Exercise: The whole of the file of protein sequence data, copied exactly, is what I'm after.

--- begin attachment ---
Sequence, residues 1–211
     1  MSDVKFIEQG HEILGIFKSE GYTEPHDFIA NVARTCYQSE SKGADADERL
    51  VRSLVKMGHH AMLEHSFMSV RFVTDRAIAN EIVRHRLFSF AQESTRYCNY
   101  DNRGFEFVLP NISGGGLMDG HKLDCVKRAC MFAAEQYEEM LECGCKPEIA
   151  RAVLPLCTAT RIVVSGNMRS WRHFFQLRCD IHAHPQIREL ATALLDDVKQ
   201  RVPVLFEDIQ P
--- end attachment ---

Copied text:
Sequence, residues 1–211
     1  MSDVKFIEQG HEILGIFKSE GYTEPHDFIA NVARTCYQSE SKGADADERL
    51  VRSLVKMGHH AMLEHSFMSV RFVTDRAIAN EIVRHRLFSF AQESTRYCNY
   101  DNRGFEFVLP NISGGGLMDG HKLDCVKRAC MFAAEQYEEM LECGCKPEIA
   151  RAVLPLCTAT RIVVSGNMRS WRHFFQLRCD IHAHPQIREL ATALLDDVKQ
   201  RVPVLFEDIQ P